College Student’s Free Speech Rights

September 28, 2010

After reading about the recent decision in the case of Barnes v. Zaccari , I couldn’t help but think about how far this nation has regressed since the days of Vietnam era college protests. Hayden Barnes, a student at Valdosta State University in Georgia, was expelled from school for protesting the planned construction of a parking garage. That’s right, he protested a parking garage. Was he organizing sit ins and inciting riots? Not even close.  According to the decision, he ” started an initiative to raise public awareness of the issue and its potential environmental affects.” What he did do was post some flyers around campus expressing his concerns, e-mailed VSU officials, and began discussing the issue on his Facebook page.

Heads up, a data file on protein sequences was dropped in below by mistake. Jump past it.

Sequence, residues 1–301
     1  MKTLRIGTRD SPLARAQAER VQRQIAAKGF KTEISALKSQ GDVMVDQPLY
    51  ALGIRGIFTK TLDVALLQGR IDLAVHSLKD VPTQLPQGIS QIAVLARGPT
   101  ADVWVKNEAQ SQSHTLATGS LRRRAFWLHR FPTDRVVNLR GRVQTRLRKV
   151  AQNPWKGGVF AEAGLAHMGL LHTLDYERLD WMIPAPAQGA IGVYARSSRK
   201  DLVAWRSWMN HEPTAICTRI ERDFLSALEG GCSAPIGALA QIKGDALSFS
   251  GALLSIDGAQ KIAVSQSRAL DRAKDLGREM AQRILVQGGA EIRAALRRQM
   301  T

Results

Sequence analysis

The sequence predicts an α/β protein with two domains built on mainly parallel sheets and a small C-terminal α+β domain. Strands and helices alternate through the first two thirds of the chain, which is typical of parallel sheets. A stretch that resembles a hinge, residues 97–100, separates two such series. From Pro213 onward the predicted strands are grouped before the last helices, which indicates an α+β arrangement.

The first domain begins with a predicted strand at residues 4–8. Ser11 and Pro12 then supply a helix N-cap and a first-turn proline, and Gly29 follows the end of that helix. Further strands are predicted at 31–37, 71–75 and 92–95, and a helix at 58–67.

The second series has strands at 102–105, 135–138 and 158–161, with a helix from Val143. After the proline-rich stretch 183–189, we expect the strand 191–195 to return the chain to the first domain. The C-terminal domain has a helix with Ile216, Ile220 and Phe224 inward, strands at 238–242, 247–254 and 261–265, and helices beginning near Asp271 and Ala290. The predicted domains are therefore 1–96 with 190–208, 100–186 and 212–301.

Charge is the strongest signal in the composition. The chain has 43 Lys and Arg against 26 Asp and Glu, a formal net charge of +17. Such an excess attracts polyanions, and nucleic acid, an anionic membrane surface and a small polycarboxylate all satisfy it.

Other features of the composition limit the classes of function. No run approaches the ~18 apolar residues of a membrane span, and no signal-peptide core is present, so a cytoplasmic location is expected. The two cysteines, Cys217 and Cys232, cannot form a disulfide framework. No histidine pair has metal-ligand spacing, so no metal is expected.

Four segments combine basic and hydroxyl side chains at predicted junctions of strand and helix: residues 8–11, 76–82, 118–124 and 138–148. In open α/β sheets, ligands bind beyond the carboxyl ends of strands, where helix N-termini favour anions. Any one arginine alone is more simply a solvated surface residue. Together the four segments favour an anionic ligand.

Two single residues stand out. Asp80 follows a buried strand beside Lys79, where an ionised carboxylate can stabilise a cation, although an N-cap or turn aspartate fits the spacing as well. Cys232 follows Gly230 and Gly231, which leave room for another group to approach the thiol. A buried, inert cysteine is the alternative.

That was enough for University President Ronald Zaccari, who deemed him “a clear and present danger” to the University and its president, and had him expelled.

The court held that Zaccari and the Board of Regents violated Barnes’ due process rights.

Read all the details (it gets worse) in this Huffington Post piece writen by Greg Lukianoff. Mr. Lukianoff is president of the Foundation for Individual Rights in Education (FIRE). He has been following this case from the beginning. FIRE’s stated mission, according to its web site, is to “defend and sustain individual rights at America’s colleges and universities.”

Previous post:

Next post: